Health is a top priority for planners: Planning Institute

RESPONDING to media reports claiming that planning flaws promote obesity, the Planning Institute of Australia (PIA) said recent planning efforts demonstrate that modern planning is creating healthier places to live.

According to PIA, planning practice across Australia over the past decade and recent moves by the Federal Government to better implement urban policy show that the planning sector can contribute towards creating healthier communities.

A recent Sydney Morning Herald article reported that, according to obesity specialists, a lack of green space and accessible public transport are making people overweight.

The article also cited research by the Australian Conservation Foundation that found that poor design and weak planning guidelines for new suburbs forced residents to drive, rather than walk, to local facilities.

PIA Chief Executive Officer Kirsty Kelly said today's planning practice has the health of the community as a top priority and that professional planners are better equipped than ever before to know what constitutes healthy sustainable communities.

"The sort of things that are included in good planning now may not have been considered decades ago. Indeed we still have spaces that were designed in the past that could well do with some renewal and revitalisation," Ms Kelly said.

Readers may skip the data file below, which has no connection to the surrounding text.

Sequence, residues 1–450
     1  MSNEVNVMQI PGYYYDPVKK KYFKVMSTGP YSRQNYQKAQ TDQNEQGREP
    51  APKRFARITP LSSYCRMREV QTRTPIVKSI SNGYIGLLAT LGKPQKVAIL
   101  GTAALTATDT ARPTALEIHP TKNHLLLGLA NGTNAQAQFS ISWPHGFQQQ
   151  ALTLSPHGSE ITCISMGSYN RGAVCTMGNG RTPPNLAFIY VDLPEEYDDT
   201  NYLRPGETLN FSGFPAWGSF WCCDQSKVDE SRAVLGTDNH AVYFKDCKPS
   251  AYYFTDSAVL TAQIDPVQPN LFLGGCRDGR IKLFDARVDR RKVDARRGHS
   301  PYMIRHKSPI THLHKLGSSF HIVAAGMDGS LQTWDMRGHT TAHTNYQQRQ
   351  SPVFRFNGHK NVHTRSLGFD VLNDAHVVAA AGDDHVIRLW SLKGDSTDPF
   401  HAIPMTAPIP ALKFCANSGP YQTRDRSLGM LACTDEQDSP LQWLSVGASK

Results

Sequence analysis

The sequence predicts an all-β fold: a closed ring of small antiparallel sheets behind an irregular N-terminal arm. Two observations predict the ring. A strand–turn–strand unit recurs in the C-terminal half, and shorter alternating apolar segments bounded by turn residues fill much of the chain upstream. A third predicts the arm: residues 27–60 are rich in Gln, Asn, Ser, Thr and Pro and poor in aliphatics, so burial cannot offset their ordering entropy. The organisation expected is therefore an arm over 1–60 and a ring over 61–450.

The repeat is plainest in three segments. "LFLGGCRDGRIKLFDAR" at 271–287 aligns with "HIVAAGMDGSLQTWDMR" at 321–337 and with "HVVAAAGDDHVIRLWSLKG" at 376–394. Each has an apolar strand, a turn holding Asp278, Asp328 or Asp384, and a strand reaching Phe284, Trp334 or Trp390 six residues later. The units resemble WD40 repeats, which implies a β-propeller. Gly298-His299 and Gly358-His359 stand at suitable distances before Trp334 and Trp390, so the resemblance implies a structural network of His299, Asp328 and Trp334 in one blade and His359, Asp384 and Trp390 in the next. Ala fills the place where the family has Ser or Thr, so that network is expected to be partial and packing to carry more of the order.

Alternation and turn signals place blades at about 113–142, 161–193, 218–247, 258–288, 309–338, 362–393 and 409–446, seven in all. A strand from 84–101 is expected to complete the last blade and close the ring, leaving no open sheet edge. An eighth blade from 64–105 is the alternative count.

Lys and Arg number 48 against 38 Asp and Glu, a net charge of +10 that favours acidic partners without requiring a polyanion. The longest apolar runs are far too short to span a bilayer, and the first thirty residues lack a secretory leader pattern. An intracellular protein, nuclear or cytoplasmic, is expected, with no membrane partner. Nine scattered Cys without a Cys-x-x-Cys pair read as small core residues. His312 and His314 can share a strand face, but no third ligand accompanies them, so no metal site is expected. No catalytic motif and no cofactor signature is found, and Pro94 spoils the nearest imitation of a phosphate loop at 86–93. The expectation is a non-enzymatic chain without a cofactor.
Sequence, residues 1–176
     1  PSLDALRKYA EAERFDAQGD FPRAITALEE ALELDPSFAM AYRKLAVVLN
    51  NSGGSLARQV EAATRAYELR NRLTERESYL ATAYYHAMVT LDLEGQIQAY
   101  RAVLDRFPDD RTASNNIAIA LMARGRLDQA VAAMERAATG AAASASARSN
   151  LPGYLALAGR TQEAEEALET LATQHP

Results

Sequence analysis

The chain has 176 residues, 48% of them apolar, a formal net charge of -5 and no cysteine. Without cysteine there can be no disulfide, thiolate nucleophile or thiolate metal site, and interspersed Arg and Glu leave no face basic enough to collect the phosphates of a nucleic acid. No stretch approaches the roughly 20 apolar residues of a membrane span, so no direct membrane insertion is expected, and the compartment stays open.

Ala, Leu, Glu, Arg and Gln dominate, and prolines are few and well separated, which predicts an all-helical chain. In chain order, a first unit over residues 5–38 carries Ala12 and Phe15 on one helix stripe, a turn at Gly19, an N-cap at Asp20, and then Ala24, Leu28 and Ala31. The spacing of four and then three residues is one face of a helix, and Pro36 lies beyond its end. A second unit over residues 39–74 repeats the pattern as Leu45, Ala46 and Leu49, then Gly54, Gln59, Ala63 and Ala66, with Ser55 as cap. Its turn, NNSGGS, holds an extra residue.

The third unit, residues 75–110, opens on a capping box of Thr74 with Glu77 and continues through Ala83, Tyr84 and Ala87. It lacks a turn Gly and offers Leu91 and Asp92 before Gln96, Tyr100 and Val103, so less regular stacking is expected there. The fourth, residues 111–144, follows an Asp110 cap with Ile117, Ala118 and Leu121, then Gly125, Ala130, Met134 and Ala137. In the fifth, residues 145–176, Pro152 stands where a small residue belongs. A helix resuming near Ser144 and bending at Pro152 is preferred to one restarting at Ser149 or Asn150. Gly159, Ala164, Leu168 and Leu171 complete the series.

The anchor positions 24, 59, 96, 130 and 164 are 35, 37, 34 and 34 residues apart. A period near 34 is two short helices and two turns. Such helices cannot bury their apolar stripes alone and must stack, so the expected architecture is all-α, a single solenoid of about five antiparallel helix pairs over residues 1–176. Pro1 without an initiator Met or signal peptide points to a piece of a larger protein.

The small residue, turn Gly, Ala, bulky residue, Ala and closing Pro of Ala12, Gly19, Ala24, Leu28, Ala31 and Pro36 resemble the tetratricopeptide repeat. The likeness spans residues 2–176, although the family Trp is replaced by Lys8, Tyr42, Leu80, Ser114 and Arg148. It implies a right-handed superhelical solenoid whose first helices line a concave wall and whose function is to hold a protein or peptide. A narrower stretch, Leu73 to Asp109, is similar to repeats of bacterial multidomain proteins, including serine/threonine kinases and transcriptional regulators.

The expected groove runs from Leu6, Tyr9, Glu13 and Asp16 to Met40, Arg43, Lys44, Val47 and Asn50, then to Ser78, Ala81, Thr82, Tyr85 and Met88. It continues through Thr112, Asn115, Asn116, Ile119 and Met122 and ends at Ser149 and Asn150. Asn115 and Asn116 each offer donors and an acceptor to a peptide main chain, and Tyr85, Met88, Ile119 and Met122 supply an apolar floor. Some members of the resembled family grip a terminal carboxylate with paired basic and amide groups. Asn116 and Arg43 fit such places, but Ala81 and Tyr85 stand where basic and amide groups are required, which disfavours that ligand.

"Major considerations in planning today include both the health of the community and the environment and in many cases these things go hand in hand," said Ms Kelly, citing the provision cycling facilities, walkable areas and open and green space as examples.

PIA recently collaborated with the National Heart Foundation and the Australian Local Government Association (ALGA) to produce 'Healthy Spaces & Places' (HSP), a national guide to creating communities that promote healthy living.

Backed by the Australian Government Department of Health and Ageing, the development of HSP involved focus groups, stakeholder consultation workshops and a team of expert reviewers.

Ms Kelly said that while in the past, suburbs were allowed to develop without any transport infrastructure, shopping facilities or other services, today's planning strives to create and promote healthier communities as well as address crime and other socials issues.

"Planning today aims for spaces and streets that are aesthetically pleasing and safe with adequate lighting at night and shops, restaurants and offices accessed easily by pedestrians," said Ms Kelly.

"People are more inclined to walk to their destination if the proper layout is provided. Good street connectivity, mixed density and land use are all associated with activity such as walking or cycling.

"It has been shown in many studies that if we create attractive and inviting areas with facilities and services accessed easily, people will love being there.

"This is not to ignore the need for continued major infrastructure in our rapidly growing cities but to understand human needs in areas where people gather to work rest and play," Ms Kelly said.

More information on Healthy Spaces and Places is available from <>.

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